Wednesday, October 24, 2007

4oD, iPlayer and a temporary resurrection of Dennis Potter

Chanel 4's 4oD logo

I noticed recently that 4oD has opened up some of the Channel 4 archive as part of its 25th anniversary celebrations. So oft remembered but never repeated dramas along with old series of Grand Designs are available to download and enjoy for free.

For the discerning AiB reader who is less glued to the interweb, 4oD is Channel 4’s on-demand service that allows you to download C4, E4, Film4, AnythingElseEndingIn4 TV shows to your PC (got to be Windows XP or Vista) and watch at your leisure.

In general, you’ve 30 days to watch what you’ve downloaded, and 48 hours to complete watching programmes once you start watching them for the first time.

Technically, 4oD uses the same Kontiki peer-to-peer (P2P) software as BBC's iPlayer, meaning that while you have a show downloaded your PC may be used to send parts of it to other users downloading the same programme. Spreads out the bandwidth across the 4oD users and reduces the load on Channel 4’s servers ... but does have some implications if your ISP limits the uploads you make in a month.

4oD is also available as a catch-up service on Virgin Media, BT Vision and Tiscali IPTV platforms.

image (c) BBC

Knowing that he was dying from pancreatic cancer, Dennis Potter wrote two four-part dramas, asking that they be co-produced by BBC and Channel 4. In 1996, nearly two years after his death, Karaoke and Cold Lazarus were aired.

Feeld's cryogenically preserved head - from Muli Koppel's Flickr account

Karaoke told the tale of a dying writer, Daniel Feeld, and was as odd as anything Potter had previously written despite its touching parallels with Potter’s final weeks. In contrast, Cold Lazarus was quite breathtaking in its vision of the future, where Feeld’s cryogenically preserved head is leaking out its four hundred year old memories. Few who watched it will forget the RONs (Reality or Nothing) - a luddite resistance movement who want to destroy the virtual reality in which society now exists and go back to physical idealism.

Cover of Dennis Potter TV drama transcripts - Karaoke and Cold Lazarus

A consequence of the unique co-production (both dramas aired on both channels, shown first on a Sunday night on one, and repeated the following evening on the other) is that unclear rights issues have prevented the series being released on DVD or repeated on TV. While not the faint-hearted, it’s a rare opportunity to watch them for free on 4oD. (The screenplay is still available on Amazon too.)

Being last broadcast in 1996, it probably shouldn’t surprise me that there are practically no still images from either drama available on line. Otherwise, this article might be better illustrated!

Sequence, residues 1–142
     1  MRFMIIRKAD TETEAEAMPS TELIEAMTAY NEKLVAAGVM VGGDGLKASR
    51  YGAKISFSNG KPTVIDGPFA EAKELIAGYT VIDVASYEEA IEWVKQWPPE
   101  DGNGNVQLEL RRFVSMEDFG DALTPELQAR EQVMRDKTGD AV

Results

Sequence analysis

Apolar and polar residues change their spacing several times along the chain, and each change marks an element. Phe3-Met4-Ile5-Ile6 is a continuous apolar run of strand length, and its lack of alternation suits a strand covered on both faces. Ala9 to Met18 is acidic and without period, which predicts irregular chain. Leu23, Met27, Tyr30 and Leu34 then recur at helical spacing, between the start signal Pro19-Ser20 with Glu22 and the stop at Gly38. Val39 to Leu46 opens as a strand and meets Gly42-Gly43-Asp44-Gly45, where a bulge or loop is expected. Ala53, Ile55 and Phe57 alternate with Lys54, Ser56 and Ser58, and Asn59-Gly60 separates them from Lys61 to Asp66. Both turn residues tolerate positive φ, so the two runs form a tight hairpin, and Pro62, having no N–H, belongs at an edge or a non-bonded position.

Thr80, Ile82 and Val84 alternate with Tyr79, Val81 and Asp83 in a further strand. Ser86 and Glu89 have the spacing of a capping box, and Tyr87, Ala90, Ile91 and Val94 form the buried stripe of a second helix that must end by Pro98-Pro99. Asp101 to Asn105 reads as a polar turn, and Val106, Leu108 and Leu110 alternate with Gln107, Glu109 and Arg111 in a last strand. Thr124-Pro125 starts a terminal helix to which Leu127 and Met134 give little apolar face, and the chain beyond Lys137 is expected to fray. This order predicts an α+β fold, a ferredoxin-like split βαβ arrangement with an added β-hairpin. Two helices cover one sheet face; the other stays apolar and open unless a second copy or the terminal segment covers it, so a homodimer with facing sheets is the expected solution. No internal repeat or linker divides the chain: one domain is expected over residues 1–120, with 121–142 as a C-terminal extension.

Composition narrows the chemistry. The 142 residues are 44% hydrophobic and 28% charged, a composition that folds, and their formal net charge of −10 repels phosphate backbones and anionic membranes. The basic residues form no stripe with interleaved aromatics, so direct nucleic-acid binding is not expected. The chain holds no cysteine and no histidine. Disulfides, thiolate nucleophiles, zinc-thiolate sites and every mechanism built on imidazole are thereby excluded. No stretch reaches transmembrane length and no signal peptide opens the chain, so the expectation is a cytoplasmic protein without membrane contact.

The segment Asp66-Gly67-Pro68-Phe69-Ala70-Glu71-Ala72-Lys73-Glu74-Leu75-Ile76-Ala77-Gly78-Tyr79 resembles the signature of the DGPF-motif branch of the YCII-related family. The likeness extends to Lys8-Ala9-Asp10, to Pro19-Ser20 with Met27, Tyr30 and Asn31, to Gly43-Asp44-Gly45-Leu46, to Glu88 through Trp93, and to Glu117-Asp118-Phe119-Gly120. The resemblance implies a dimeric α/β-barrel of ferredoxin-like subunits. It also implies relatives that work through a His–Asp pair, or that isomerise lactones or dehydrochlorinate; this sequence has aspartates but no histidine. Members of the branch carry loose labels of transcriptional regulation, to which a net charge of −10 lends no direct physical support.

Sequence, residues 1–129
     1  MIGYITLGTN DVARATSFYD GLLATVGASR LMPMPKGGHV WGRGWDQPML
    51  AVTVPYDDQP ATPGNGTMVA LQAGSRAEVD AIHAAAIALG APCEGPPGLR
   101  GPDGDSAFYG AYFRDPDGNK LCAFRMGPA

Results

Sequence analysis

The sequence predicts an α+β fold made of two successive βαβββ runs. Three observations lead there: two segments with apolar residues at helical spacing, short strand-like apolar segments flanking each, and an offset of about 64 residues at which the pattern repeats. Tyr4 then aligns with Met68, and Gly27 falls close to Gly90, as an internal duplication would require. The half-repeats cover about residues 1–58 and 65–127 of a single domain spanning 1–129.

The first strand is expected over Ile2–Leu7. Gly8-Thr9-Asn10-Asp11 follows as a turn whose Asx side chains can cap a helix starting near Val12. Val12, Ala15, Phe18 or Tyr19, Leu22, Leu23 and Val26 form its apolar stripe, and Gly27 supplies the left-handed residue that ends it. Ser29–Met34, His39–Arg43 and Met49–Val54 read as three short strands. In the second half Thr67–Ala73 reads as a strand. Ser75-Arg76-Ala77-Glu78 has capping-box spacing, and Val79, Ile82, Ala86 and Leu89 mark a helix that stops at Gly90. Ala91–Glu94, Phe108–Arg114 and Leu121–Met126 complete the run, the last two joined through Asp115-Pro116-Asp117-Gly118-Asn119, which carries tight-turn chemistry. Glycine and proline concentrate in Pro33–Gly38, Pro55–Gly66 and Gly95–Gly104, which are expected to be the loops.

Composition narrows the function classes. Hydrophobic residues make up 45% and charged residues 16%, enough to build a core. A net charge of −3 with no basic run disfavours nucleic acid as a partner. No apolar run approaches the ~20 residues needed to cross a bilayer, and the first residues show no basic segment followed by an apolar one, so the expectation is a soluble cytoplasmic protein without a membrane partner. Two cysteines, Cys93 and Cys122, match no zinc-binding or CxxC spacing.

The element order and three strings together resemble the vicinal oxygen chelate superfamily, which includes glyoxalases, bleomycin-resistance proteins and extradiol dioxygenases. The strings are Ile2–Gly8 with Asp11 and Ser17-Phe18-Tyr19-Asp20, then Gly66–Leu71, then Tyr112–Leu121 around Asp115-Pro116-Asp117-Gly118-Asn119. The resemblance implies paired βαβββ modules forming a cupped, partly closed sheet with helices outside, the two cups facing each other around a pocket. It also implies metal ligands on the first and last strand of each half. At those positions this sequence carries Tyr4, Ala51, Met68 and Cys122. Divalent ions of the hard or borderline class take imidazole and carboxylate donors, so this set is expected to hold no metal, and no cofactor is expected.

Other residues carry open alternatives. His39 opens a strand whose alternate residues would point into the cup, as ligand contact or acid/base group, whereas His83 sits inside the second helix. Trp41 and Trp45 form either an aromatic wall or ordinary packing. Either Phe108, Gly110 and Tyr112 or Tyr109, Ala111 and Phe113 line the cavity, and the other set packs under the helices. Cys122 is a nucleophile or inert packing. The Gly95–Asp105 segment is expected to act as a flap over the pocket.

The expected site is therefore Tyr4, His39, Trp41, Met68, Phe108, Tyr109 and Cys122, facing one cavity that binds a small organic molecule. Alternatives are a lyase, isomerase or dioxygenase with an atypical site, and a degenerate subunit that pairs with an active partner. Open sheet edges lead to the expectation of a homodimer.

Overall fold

BBC iPlayer Beta logo

While we’re on the subject of on-demand TV, it’s also been announced that iPlayer (BBC’s on-demand catch-up service) will be introducing a streamed version (using Adobe Flash) as part of the official consumer launch of iPlayer at Christmas, allowing Mac and Linux users access to iPlayer’s catalogue of shows for the first time.

Nothing to stop PC users streaming either ... though I wonder if the streamed content will be poorer quality than the download service due to bandwidth and time constraints. Whereas the download service allows for convenient viewing offline on a train or plane, streaming has the downside of having to be online to watch the content (unless there’s some clever caching system).

It’s not yet clear whether streaming is an interim step before ultimately introducing the full-download service across multiple operating systems when the cross-platform DRM issues are sorted out, or whether this will be as good as it gets for the non-Windows community. The Guardian reports:

Ashley Highfield, the BBC director of future media and technology, said that there was a “cost per person reach” factor that meant that it was “too early to make the call” on when to develop a download service.

And iPlayer’s streaming service will also be available for free at The Cloud’s wifi hotspots. Ashley Highfield described the partnership with The Cloud as

“... furthering the BBC's commitment to make its content as widely available as possible to our audiences wherever they are.”

(Acknowledgement: Photo of Feeld's preserved head from Muli Koppel's Flickr account.)


Cosmo said...


Sorry this is a little unrelated to your post, but you obviously know a thing or two about computers, so I hope you don't mind me asking for some help.

I've recently upgraded to Vista (from 98SE!), but now my video clips (.mpeg and .avi) wont play in Windows Media Player.

Any suggestions or experience of similar problems?

Thanks so much!

Alan in Belfast said...

No expert in this stuff ... but sounds like you're missing the codec that can decode the video files.

Different video files are coded using different algorithms, even though they share the same file extension. One of the most common non-standard ones is DivX - not sure of WMP supports this built in yet - or whether you need to download the codec for it.

If you get an error message from WMP when it fails to recognise/play the file, then try Googling for it.

Also, a Google for something like "video codecs" may point you to available resources.

There are also freeware applications that will inspect video files and tell you the name of the codec required ... Google is your friend. (Your virus checker is your best friend if you download anything!)

Cosmo said...

Thanks for your help. No sucsess yet using DivX. I'll keep searching and trying.

The most anoying thing is that these videos worked on an older version (and computer)!

Mary Patric said...

Thanks for the article Alan. I don’t see 4oD coming to my country anytime soon. However, there are plenty of workarounds available to access it here in my country. Personally, I use UnoTelly for more than a year and I can access 4oD like I am in UK.